Main content area

Evaporative fractions and elevation effects on stable isotopes of high elevation lakes and streams in arid western Himalaya

Biggs, Trent W., Lai, Chun-Ta, Chandan, Pankaj, Lee, Raymond Mark, Messina, Alex, Lesher, Rebecca S., Khatoon, Nisa
Journal of hydrology 2015 v.522 pp. 239-249
air temperature, altitude, basins, climate, deuterium, dry season, evaporation, groundwater, lakes, models, oxygen, rain, relative humidity, seasonal variation, snow, snowmelt, stable isotopes, streams, summer, watersheds, Bay of Bengal, Central Asia, Himalayan region, Indus River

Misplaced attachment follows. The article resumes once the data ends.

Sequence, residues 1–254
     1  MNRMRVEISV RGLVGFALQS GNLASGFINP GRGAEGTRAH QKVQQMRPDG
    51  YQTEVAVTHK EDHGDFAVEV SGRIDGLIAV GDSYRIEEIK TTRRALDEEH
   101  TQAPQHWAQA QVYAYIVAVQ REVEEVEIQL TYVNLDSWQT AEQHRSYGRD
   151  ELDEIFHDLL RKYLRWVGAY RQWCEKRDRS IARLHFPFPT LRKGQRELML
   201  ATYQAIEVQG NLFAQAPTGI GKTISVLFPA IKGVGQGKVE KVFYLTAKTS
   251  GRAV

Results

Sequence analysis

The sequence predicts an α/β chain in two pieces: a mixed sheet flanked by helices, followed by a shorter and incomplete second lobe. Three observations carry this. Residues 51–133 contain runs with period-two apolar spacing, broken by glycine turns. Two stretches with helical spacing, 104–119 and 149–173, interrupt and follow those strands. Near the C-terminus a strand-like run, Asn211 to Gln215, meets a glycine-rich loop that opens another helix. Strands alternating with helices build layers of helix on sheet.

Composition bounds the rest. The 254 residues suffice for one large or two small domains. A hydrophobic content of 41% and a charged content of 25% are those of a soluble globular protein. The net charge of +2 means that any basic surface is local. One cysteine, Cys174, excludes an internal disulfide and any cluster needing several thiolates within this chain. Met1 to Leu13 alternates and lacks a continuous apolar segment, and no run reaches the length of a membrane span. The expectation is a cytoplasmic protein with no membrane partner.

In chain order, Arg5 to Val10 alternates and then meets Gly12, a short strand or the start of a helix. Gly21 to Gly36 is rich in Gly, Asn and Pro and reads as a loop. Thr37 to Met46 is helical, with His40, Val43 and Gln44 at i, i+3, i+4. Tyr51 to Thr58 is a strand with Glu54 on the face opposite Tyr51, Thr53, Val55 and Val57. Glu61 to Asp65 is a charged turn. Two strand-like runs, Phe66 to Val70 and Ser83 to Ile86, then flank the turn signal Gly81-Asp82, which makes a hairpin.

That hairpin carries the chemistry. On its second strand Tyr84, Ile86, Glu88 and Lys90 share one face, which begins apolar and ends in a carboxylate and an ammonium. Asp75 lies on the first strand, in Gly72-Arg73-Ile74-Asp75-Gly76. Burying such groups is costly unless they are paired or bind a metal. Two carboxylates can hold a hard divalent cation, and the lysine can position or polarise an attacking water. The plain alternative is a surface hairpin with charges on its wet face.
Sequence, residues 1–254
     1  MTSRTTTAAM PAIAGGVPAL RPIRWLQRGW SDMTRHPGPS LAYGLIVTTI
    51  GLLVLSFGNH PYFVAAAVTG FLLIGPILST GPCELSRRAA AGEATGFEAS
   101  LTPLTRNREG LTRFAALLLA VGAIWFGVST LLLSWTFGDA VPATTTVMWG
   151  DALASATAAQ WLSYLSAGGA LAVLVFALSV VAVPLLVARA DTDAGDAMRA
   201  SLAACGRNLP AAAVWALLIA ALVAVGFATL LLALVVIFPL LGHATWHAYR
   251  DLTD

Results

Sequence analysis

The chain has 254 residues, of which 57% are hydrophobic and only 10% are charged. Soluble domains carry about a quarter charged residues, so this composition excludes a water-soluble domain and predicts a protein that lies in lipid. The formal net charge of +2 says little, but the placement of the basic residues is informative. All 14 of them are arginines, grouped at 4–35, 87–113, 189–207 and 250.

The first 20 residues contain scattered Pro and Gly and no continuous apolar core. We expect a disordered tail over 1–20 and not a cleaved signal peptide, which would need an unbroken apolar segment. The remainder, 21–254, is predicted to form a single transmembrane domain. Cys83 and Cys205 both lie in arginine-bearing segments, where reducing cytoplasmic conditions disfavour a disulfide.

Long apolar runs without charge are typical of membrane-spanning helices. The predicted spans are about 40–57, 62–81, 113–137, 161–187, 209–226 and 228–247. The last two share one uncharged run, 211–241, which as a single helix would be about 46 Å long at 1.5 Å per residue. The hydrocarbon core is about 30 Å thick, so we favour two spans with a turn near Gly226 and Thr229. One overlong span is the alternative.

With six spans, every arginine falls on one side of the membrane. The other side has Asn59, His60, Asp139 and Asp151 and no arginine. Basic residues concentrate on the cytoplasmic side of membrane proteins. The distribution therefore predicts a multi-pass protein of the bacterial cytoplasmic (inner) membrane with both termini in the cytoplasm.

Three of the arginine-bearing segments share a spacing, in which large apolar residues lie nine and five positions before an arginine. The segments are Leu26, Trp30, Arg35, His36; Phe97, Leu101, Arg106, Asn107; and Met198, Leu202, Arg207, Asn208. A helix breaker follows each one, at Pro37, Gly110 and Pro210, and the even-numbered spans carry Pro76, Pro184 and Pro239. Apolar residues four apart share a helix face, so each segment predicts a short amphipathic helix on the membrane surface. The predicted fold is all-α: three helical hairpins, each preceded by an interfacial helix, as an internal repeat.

Isotopes of oxygen and hydrogen in water from streams, snow, and lakes were used to model the ratio of evaporation to total inflow (E/I) of four high elevation lakes in closed basins in the Indian Himalaya. Air temperature and relative humidity (h) data from meteorological stations and global climate grids (GMAO-MERRA) were used as input to the model. A second model of the volume of inflow during snowmelt constrained the magnitude of seasonal variability in isotopic composition. Similar to other areas of the Himalaya, elevation was a strong determinant of isotopic composition of stream water, suggesting that heavier isotopes rain out at lower elevations. Deuterium excess (d) in stream water suggests that summer precipitation originating from the Bay of Bengal rather than winter precipitation from Central Asia is the dominant source of precipitation. For the largest and deepest lakes (>15m), E/I was 77–87%, and 18–50% for two shallow lakes (<2m). Modelled E/I was sensitive to h; ground-level measurements of h are needed to constrain E/I estimates in arid mountain regions, though h from GMAO also produced reasonable E/I values. The results suggest that some lakes in closed basins in the Himalaya lose a significant fraction of their inflow to groundwater, particularly shallow lakes with a low ratio of lake volume to watershed area. Isotopic values from the mainstem of the Indus River suggest that evaporatively enriched waters have limited impact on both wet and dry season discharge at the basin scale. Lakes with a high evaporative fraction may be uniquely sensitive to climate, and isotopic analysis can help identify lakes that may be vulnerable to climate fluctuations and change.